If a solution was found to load the Service Worker in a trustless manner then this would provide end users with a trustless connection to the Internet Computer without any additional installation on their behalf. Without this solution however, we are left with a Service Worker that has the same trust assumptions as a remote HTTP Gateway and many, many downsides, as we will discuss later in this post.

As the Internet Computer network matures, along with the dapps that have been developed to run on it, priorities change, lessons are learned and perspectives shift. As a result, we have a stronger focus within the foundation and the community on providing a superior end user experience. This focus has exposed the Service Worker as a major pain point in this regard. Many community complaints, bug reports and feature requests are related to the Service Worker and so we feel the day has finally come to retire it.

The solution

Our proposed solution is to make ICX Proxy the primary HTTP Gateway operated by DFINITY, replacing the Service Worker. ICX Proxy would become the default HTTP Gateway used by canisters on, and custom domains that are hosted on the DFINITY-managed Boundary Nodes. The Service Worker would still be available for community members to host their own HTTP Gateways if they wish to do so, but it would no longer be supported by the DFINITY foundation.

ICX Proxy, as a remote HTTP Gateway controlled by DFINITY, can provide a seamless onboarding experience for new users with superior performance and end user experience. For more security and decentralization conscious users however, we propose to continue working on a local HTTP Gateway that end users can run themselves.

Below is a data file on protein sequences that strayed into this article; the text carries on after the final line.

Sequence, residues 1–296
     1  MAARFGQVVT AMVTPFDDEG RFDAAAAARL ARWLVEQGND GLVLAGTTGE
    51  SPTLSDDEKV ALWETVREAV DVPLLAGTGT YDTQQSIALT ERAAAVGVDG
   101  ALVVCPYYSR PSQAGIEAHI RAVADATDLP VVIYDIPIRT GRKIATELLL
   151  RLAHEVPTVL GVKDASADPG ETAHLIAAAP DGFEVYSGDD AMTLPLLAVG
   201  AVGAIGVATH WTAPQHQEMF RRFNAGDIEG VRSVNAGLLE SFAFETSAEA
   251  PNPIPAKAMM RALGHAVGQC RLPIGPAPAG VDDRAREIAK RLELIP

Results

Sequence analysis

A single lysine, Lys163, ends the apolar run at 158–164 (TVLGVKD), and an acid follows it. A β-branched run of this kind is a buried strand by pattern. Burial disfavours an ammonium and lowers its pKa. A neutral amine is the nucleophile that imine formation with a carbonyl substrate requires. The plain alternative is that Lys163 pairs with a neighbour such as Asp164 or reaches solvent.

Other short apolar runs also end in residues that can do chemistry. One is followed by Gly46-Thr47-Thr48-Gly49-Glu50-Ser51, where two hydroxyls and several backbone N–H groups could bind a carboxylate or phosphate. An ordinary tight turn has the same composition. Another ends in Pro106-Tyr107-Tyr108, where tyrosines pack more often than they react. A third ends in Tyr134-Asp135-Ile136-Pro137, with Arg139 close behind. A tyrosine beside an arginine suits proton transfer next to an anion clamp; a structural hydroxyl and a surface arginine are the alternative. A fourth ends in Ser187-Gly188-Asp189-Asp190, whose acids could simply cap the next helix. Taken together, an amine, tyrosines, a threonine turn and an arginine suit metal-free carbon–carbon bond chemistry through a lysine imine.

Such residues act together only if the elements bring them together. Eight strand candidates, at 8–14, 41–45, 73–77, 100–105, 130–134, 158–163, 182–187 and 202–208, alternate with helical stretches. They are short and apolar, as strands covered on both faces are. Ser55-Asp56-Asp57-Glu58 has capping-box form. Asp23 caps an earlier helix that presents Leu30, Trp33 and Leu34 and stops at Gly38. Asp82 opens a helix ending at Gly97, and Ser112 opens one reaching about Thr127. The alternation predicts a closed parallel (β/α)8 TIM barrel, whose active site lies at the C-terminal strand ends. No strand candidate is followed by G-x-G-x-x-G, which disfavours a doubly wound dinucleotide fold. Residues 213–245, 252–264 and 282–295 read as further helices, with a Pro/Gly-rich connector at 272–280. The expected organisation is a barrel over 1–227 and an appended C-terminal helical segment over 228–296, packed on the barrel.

A truly local HTTP Gateway should not have any points of centralization. The HTTP Proxy is one such example of this. It can be downloaded and validated by an end user without needing to trust a remote server controlled by a centralized entity.

An additional advantage of the HTTP Proxy is that it is not based in the browser. The Service Worker, along with some other browser based solutions that we’ve investigated are limited in some way or another. These limitations, which do not apply to ICX Proxy or the HTTP Proxy, are described throughout the rest of this post.

The downside of a local HTTP Gateway is of course that end users must install this software themselves, which is not ideal for onboarding or convenience. For now we believe this solution to be a great step forward in improving the experience of end users and developers alike, but it should not be the long term vision of the Internet Computer. An ideal solution will provide full security to all users without them needing to install anything outside of their browser of choice. So we believe that the long term goal for the Internet Computer Protocol should be a native browser integration. This is unfortunately not feasible right now, but we believe it will become so as the protocol matures, achieves greater levels of adoption and moves closer to becoming a true world computer.